Would you buy a homeopathic remedy from this man?
Source: The Morning Times (Washington D.C.) 13 December 1896
James Monroe Munyon’s pompadour hairstyle was a familiar feature of American newspapers around the turn of the 20th century. Having tried his hand at teaching, law, social work, publishing and song-writing, he started his Homoeopathic Home Remedy Company in the early 1890s and hit pay dirt.
In 1897, Munyon opened a London head office and a depot in Liverpool. A massive advertising campaign promised free vials of the remedies and challenged the British public to test his new system of curing disease. Perhaps Munyon anticipated lasting fame in the UK, but he couldn’t have predicted what his company would be remembered for.
There was a separate remedy for every disease. To name but a few, there were…
Munyon’s Kidney Cure, which a 1907 analysis showed to be 100% sugar.
Munyon’s Asthma Cure (sugar and alcohol)
Munyon’s Blood Cure (sugar)
Munyon’s Special Liquid Blood Cure (sugar, potassium iodide and corrosive sublimate)
Munyon’s Catarrh Cure (sodium bicarbonate, salt, borax, phenol and gum)
Munyon’s Special Catarrh Cure (sugar)
Munyon’s Grippe Remedy (sugar and arsenic)
Munyon’s Pile Ointment (a farthing’s worth of soft paraffin).
At various times these products were declared misbranded in the US because of the claims that they could cure disease, and Munyon received fines – but he carried on his business regardless. One of the slogans he used in his advertising was:
There is no punishment too great for him who deceives the sick.
While his remedies were coming under scrutiny from the BMJ and the American Medical Association, 60-year-old Munyon was busy marrying his third wife, 24-year-old actress Pauline Neff Metzger. His fortune was not an effective enough remedy for their differences, and they divorced in 1913.
Munyon had bought an island off North Palm Beach, Florida, and opened a resort there in 1903, calling his luxury hotel the Hygeia and attracting wealthy invalids. One of the attractions of the place was the ready supply of Paw Paw Tonic, a cure-all made from papaya. The place burnt down in 1917 and Munyon died a year later of an apoplexy while having lunch at the Poinciana Hotel on the mainland. His obituary in the New York Times quoted him as having said he started out with:
virtually no capital except ambition and a belief in letting folks know about it.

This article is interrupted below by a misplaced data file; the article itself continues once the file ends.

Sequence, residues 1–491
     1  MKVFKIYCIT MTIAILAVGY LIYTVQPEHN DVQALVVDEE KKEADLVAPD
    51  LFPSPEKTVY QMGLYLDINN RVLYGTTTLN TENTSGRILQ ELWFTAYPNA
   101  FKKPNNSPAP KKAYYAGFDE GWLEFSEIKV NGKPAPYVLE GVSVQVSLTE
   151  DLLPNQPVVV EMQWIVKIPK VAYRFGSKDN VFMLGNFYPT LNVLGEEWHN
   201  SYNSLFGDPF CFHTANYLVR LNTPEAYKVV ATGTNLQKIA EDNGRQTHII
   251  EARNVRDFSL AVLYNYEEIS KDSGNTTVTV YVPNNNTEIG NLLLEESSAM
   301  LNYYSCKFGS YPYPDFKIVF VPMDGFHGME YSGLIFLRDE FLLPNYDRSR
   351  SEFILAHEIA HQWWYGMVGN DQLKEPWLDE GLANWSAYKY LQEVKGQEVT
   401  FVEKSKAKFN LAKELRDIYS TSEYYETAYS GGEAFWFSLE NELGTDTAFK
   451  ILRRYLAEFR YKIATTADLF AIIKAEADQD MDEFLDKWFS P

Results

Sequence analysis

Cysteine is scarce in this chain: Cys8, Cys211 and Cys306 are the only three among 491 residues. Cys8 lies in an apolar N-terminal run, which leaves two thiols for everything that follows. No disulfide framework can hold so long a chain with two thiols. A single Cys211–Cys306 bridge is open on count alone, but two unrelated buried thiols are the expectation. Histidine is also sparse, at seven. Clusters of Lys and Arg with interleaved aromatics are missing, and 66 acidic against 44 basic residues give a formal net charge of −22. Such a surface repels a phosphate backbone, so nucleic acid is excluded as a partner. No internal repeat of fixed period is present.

The company continued, and as late as the 1940s, shipments of its products were still being seized by the government and condemned. In 1944, a batch of Paw Paw Tonic was found to contain strychnine.
Above: Munyon’s Catarrh Cure. Photo credit: Michael Till. This was part of an inhaler that would originally have had a stopper with a tube insertion, allowing the patient to snort the remedy.
Munyon’s Homoeopathic Home Remedy Company has a colourful enough history of its own, but is now chiefly remembered for its other claim to fame.
The London office’s first manager was an industrious employee who had spent the past few years as a Consulting Physician in the Philadelphia and then Toronto branches, impressing Munyon with his work ethic and ability to improve sales. Unfortunately, the London manager started having problems with his wife, who was still in the US trying to become a professional singer and openly having affairs.
When she moved to London in 1900, he made some attempt to support her in her music hall career, but the stormy relationship interfered with his work. He left Munyon’s and did the rounds of various other patent medicine companies, including the Sovereign Remedy Company, his own business the Yale Tooth Specialists, and the Aural Clinic, later returning to the advertising department of his original employer.
Dr Hawley Harvey Crippen eventually got the sack from Munyon’s. By then he had taken up with Ethel le Neve, his wife was still giving him trouble, and things kind of went downhill from there.